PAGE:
Brought with his family to Rhodesia in 1925 and continued his education at Umtali High School.
After serving with the infantry in the Middle East during the 1939-45 war, he entered politics at the age of 44, winning a seat in Parliament for Rusape in elections in February 1958. He helped the Rhodesian Front win the elections in December 1962 and he received his reward from Premier Winston Field in junior ministerial office as Parliamentary Secretary to the Minister of Local Government, working with Jack Howman. On April 13, 1964, he was promoted to one of the 12 places in the cabinet in charge of Mines, Lands and Water Development.
Although one of Premier Smith’s most dedicated supporters, he allowed his loyalties to waver in the cabinet crisis of July 1968. Van Heerden veered at first to the side of William Harper whose ultra-right wing proposals for the draft constitution called for phasing out Africans from Parliament. After second thoughts he switched back to Premier Smith and calmly watched Harper being ousted from office.
He clashed with the Methodists in October 1971 when he served notice on the Epworth Mission at Chishawasha, outside Salisbury, that they would have to move from land bequeathed to them by Cecil Rhodes in 1892. In November 1971 Premier Ian Smith, angered by what he regarded as a politically clumsy piece of timing, suspended the Van Heerden order to avoid upsetting his negotiations with Sir Alec Douglas- Home for an independence agreement with Britain. In the May 1973 reshuffle he was given a mandate to work alongside the Premier and coordinate the work of all ministries.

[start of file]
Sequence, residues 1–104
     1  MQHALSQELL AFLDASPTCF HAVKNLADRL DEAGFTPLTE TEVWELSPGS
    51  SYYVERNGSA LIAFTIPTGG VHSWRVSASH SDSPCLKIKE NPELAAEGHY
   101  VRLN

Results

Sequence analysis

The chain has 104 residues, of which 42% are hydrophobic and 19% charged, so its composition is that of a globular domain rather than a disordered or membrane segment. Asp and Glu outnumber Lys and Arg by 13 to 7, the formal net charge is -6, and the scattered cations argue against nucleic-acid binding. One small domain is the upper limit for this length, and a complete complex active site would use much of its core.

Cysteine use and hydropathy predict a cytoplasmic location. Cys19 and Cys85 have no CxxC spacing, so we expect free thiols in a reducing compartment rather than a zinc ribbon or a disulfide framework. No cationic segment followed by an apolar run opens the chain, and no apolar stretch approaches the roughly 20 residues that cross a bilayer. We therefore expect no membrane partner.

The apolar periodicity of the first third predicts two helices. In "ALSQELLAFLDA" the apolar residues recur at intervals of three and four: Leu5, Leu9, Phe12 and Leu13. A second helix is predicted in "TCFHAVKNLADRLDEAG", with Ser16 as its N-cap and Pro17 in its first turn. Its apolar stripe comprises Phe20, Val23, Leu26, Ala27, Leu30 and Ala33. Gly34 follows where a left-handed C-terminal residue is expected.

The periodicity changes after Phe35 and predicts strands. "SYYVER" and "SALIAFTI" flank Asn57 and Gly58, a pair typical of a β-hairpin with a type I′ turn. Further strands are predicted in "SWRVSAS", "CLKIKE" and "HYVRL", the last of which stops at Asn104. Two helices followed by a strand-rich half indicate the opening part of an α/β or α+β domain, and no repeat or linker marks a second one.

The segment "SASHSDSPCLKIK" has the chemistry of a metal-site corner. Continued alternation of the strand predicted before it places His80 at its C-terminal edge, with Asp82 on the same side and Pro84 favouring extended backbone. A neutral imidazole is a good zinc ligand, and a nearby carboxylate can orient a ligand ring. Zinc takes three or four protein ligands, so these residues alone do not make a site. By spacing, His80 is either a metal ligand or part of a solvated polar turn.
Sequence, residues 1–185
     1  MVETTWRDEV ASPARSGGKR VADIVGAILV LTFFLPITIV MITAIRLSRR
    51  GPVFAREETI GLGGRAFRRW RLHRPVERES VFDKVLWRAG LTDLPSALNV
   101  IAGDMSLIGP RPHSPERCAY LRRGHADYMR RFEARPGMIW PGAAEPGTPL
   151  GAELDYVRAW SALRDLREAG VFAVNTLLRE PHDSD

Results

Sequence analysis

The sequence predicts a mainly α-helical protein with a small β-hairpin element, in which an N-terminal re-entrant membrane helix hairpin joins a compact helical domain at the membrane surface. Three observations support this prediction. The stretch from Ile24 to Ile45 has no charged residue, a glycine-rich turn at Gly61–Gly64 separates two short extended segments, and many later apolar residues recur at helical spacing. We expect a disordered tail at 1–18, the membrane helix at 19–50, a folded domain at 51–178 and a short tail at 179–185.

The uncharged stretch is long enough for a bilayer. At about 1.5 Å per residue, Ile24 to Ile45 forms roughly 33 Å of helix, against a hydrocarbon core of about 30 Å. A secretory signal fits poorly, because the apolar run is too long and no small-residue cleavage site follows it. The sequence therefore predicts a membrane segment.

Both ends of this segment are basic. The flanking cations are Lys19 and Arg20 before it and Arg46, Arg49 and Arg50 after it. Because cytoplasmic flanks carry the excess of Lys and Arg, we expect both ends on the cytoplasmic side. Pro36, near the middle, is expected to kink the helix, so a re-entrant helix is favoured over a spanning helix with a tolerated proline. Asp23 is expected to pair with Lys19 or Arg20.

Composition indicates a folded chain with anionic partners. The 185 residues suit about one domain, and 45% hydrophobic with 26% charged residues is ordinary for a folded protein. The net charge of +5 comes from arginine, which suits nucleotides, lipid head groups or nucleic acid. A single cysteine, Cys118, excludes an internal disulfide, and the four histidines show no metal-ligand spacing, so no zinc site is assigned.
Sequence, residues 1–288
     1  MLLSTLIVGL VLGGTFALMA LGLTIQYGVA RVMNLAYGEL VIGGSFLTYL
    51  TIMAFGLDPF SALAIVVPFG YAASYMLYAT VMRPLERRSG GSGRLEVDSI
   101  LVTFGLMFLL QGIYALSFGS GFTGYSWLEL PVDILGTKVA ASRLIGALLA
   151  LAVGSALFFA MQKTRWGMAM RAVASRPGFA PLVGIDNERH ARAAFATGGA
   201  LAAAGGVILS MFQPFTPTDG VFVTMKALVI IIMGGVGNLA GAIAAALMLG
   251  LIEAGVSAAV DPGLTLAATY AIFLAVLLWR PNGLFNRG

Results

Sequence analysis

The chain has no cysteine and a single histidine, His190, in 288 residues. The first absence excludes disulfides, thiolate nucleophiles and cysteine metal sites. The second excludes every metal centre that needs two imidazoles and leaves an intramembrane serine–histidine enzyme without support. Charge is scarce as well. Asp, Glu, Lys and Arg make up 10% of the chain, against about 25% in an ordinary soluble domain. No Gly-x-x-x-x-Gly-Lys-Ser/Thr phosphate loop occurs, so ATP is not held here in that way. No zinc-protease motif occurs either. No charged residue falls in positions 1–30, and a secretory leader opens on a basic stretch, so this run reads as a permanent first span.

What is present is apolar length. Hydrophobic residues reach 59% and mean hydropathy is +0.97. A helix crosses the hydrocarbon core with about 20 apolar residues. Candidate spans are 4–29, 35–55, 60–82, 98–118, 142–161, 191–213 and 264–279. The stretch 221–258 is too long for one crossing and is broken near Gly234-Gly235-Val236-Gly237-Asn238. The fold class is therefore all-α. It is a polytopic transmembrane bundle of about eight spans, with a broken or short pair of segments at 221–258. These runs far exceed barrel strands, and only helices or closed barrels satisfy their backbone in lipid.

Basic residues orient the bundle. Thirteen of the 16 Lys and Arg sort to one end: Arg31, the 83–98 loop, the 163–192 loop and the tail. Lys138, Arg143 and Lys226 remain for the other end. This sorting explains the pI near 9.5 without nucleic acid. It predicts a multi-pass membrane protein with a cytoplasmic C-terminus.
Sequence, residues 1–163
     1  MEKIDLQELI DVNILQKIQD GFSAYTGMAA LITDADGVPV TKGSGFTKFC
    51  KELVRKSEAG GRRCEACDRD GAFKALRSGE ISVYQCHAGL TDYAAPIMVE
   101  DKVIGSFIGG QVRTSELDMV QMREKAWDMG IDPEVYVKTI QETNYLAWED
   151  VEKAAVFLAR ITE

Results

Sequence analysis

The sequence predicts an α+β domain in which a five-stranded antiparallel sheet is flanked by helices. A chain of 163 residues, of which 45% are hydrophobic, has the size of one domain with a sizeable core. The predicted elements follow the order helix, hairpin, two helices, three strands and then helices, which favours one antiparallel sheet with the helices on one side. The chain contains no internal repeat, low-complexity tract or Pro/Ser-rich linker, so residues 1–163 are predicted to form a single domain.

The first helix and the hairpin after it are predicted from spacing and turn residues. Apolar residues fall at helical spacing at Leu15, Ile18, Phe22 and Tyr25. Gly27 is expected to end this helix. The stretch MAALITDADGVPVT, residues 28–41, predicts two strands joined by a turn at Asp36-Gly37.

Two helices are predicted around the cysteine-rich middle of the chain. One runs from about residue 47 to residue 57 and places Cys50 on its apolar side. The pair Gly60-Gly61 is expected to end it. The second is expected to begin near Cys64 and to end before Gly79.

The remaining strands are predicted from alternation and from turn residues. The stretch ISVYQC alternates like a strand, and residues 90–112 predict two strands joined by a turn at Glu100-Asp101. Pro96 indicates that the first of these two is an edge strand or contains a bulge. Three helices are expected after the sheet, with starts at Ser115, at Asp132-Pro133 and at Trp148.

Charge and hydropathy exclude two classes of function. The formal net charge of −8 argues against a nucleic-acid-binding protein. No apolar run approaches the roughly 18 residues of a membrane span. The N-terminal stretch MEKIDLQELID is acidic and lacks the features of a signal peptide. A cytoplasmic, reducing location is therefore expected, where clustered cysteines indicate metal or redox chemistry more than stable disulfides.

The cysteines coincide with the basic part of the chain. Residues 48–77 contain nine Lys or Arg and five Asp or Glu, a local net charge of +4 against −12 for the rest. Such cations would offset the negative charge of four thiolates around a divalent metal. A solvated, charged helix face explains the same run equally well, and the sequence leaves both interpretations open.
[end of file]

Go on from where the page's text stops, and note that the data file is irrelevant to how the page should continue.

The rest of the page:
His political reputation is largely based on piloting the controversial Land Tenure Act through Parliament in October 1969. The European farmers applauded him when he justified the division of the country’s land equally between 230,000 whites and 5,250,000 blacks, on the grounds that it would “ease the braking effect of the African Tribal Trust lands on the growth of the economy as a whole". But he had to face a storm from the Roman Catholic church because the Act required churches to register and seek permission to continue their multi-racial work in missions, schools and hospitals. There were uneasy moments when the church stressed that great harm could be done to the Faith by the Act obliging an
His bulldozing tactics caused some of his cabinet colleagues embarrassment at the time of negotiations with the British government in November 1971. Yet he won widespread support from the European farmers for putting their interests above all other considerations.